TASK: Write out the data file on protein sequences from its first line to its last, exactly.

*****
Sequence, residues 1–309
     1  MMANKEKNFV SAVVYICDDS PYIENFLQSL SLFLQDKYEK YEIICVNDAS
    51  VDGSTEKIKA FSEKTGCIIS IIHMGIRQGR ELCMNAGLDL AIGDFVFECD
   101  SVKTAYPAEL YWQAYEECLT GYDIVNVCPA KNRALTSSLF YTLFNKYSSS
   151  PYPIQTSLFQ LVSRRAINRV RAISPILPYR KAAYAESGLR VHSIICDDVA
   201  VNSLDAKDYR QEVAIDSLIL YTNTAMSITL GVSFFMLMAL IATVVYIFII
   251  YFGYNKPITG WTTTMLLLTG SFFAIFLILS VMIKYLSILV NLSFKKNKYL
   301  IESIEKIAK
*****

Sequence, residues 1–309
     1  MMANKEKNFV SAVVYICDDS PYIENFLQSL SLFLQDKYEK YEIICVNDAS
    51  VDGSTEKIKA FSEKTGCIIS IIHMGIRQGR ELCMNAGLDL AIGDFVFECD
   101  SVKTAYPAEL YWQAYEECLT GYDIVNVCPA KNRALTSSLF YTLFNKYSSS
   151  PYPIQTSLFQ LVSRRAINRV RAISPILPYR KAAYAESGLR VHSIICDDVA
   201  VNSLDAKDYR QEVAIDSLIL YTNTAMSITL GVSFFMLMAL IATVVYIFII
   251  YFGYNKPITG WTTTMLLLTG SFFAIFLILS VMIKYLSILV NLSFKKNKYL
   301  IESIEKIAK